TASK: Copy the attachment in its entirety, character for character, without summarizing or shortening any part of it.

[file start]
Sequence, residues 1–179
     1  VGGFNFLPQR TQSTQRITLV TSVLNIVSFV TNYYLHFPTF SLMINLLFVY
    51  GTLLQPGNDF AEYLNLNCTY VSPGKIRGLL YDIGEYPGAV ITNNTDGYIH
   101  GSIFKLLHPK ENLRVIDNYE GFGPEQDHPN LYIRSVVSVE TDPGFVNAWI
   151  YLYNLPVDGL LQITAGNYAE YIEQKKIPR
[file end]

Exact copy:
Sequence, residues 1–179
     1  VGGFNFLPQR TQSTQRITLV TSVLNIVSFV TNYYLHFPTF SLMINLLFVY
    51  GTLLQPGNDF AEYLNLNCTY VSPGKIRGLL YDIGEYPGAV ITNNTDGYIH
   101  GSIFKLLHPK ENLRVIDNYE GFGPEQDHPN LYIRSVVSVE TDPGFVNAWI
   151  YLYNLPVDGL LQITAGNYAE YIEQKKIPR